5. voxel

    voxel New Member

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    No am not. Been there. Done it. It's NOT what makes a workflow system great. I've worked at game studios where you typed a command and all data gets processed, all code gets compiled, and a final game gets built in 10-20 so hours. I've worked at animation studios where you click a button - entire shots get assembled, animation + constraints + lighting + lipsync get applied and sent off to the render farm. I've even worked at a media asset software company once. Total BS. Version control of assets is like number 10 on my list. Centralizing how data is inter-connected (aka metadata) for all the tools and describing how + what should be built (i.e using "makefiles" for art) are my primary goasl.

    There are visual "makefile" systems for art - but they are very, very expensive - $200+ k.

    Yes for 3 artists a workflow system is a bit overkill - I'm using a modified version of Drupal at the moment for a contract job. My Maya tools don't communicate with it so I'm left with a random collection of XML and CSV files that magically combine in the game engine - that no artists understands nor can edit.

    I don't plan to spend more than a month on dev. - so I am picking my battles. I've kinda started also - a Ruby on Rails system (started learning it). I plan to have Maya tools/exporters directly connect to the database via some REST/SOAP/XML-RPC system. Web programming is not my strongest point, but I'll build something. The game engine will use the same metadata - might need to be pre-compiled into a binary form first tho.

    The biggest reason I NEED to do this is to help me work with off-site artists in the future. I estimate I'll have 6-10 artists - mostly part-time. I really don't want to hire anybody full-time to be honest. I prefer to contract all the work out - and make it so easy that I don't have to "train" people all the time.

    I've also limited the toolset to Maya, Firefox, Photoshop/ImageMagick, Perl/Python, Audacity, OGRE, and CEGUI. And I'll bang out two or three "previewer" apps that the artists will use to test their work before submitting it to me via the workflow system. What I want is well-understood framework and pipeline before I go into material development.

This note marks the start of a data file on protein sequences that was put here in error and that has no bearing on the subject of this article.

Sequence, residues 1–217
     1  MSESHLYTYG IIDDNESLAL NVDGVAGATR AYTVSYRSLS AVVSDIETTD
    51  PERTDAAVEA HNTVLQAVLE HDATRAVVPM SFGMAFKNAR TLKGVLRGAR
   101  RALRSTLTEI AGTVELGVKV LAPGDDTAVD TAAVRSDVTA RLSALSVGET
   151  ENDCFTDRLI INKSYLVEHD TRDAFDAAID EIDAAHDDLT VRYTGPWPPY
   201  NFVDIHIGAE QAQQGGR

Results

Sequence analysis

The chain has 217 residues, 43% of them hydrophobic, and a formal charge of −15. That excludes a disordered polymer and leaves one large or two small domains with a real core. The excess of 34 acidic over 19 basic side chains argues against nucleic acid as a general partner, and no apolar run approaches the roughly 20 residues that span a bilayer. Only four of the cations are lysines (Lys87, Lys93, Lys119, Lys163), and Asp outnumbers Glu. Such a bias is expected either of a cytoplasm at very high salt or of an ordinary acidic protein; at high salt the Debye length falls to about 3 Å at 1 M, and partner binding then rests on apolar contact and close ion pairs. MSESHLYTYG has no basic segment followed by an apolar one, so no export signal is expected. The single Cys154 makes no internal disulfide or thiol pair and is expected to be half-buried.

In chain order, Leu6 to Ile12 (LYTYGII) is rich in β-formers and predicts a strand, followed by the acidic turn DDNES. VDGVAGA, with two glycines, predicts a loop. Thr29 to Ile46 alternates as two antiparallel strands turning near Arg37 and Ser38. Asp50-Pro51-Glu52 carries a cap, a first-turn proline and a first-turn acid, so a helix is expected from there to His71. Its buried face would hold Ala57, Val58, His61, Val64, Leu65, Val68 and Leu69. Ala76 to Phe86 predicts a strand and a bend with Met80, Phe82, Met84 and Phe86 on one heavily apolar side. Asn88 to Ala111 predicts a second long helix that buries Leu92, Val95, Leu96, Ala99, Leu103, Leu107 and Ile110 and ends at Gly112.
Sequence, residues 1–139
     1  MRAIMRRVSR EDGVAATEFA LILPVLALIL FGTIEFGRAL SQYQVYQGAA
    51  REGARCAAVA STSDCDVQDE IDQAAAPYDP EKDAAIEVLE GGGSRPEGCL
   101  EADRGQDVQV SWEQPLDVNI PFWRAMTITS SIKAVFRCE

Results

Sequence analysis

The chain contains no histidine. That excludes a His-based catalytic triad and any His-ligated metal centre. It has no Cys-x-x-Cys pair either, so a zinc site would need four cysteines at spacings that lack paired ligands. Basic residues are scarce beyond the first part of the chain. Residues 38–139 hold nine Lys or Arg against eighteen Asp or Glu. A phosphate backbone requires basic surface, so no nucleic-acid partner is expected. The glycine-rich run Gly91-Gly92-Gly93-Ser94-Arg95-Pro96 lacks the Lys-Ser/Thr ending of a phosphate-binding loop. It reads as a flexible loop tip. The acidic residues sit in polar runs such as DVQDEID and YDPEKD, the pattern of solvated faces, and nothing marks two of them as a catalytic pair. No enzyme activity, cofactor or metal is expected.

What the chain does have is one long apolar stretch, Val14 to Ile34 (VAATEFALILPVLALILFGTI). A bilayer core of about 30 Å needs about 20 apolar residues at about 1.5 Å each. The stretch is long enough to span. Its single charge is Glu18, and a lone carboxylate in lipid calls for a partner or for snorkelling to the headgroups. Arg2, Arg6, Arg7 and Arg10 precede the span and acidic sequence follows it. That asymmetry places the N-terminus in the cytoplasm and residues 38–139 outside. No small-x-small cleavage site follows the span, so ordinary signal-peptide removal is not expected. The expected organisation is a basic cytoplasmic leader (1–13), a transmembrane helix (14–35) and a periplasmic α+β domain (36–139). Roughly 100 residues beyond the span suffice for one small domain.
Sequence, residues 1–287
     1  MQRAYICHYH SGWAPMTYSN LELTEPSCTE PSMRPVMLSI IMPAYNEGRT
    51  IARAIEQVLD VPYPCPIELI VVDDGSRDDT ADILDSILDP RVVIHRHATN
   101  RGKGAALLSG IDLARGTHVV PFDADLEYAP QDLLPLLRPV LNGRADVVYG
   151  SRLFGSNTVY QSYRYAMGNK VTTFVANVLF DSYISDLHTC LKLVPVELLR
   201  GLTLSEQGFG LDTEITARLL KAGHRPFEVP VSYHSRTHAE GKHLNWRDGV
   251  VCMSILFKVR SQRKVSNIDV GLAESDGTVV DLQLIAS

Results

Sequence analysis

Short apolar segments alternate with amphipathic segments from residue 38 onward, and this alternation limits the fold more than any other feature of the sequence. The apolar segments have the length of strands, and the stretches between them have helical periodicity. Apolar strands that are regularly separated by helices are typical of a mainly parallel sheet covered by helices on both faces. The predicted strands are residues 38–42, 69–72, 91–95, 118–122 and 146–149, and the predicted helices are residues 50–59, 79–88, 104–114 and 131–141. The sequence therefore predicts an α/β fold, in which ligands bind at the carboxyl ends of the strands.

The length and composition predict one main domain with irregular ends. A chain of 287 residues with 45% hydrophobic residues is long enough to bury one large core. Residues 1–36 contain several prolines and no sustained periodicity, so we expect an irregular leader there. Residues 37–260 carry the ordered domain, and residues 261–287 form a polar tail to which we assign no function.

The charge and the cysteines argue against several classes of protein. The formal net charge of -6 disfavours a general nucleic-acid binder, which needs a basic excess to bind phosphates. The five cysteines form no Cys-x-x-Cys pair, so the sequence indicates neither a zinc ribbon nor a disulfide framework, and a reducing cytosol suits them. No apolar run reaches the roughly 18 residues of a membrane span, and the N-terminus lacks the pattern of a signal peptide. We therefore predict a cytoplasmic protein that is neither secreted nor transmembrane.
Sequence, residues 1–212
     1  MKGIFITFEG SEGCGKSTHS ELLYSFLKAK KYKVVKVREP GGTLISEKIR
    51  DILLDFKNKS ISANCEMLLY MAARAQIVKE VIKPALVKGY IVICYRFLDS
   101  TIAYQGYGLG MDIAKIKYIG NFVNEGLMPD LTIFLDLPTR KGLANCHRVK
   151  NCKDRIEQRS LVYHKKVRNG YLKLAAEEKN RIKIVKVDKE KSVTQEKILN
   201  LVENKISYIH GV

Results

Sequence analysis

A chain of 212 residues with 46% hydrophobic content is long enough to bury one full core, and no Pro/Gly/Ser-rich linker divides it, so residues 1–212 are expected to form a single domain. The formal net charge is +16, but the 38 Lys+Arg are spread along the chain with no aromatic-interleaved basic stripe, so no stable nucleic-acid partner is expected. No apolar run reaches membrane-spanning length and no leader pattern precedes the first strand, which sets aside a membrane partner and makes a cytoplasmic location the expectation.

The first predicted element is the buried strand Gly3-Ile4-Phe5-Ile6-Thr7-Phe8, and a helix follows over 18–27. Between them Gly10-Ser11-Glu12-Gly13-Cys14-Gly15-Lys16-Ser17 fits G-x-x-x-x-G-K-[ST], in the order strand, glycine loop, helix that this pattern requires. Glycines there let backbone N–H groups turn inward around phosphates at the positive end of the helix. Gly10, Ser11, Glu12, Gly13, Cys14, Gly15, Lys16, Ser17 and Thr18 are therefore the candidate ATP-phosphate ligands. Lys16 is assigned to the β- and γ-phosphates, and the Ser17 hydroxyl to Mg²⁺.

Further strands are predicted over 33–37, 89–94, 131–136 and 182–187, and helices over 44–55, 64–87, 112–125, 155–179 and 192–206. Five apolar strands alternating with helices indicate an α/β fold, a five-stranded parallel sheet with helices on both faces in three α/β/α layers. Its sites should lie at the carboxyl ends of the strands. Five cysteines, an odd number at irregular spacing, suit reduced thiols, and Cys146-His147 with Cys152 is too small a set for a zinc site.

I'm not worried about cashflow - all dough I've made contracting my soul out can last me a few years.
     
  6. zoombapup

    Moderator Original Member

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    You do understand that subversion works with HTTP right? It can use webdav and whatnot as well if I recall.

    I think youre talking more about a build system than a workflow system. I'd be tempted to throw together a subversion client that does all of the stuff you want to do and throws links into a central directory somewhere (so for your artist, it would sanity check stuff, then throw it into subversion and spit out a link of whatever flavour into a directory so that other systems can see it).

    I really wouldnt start pissing about with too complex a thing though.. ugh.
     
  7. voxel

    voxel New Member

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    I know Subversion uses WebDAV. WebDAV is great except certain language bindings are crap/buggy from personal experience.

    Subversion mangles the underlying files so it's hard to get distributed repositories to sync up correctly. Distributed systems are different than monolithic systems - similar to single database vs. multi-base. Also, Subversion is also quite slow for large file.

    For now Drupal and FTP are fine for artists...

    It's not a "build system" at all. I want to:

    1) Track art approvals + designs (i.e like Drupal)
    2) Store and access art (like Subversion)
    3) Allow tools to access metadata(via HTTP or SQL) to build assets (i.e Geometry converter, DXT conversion, etc.)

    I guess it's hard to describe something only available in big studios or for lots of $$$. To me - tracking files is LESS important than tracking the status/comments/notes of all the art pieces. Funny hearing that from a programmer, eh? Fancy file versioning software is pretty un-important because in the end-goal is collaboration.

    This is a build system: http://www.temerity.us/home.php
    GroupWare systems, CMSes and project managment systems almost are usable for tracking art...

    Anyhow, I refuse to re-invent the wheel (refraining from writing an engine or art exporters). My goal is to have a virtual studio collaborating with other small studios and freelancers. Right now, many studios work via e-mail, FTP, CVS - which fine for small teams and limited amounts of data.

    I'm not spending any significant time on this yet - designing a game, budgeting, and setting up the company...

    I'm looking at this 3rd party system (if I get seed funding)

    http://sthpw.com/features/index.htm

    But it might need to be massaged for games.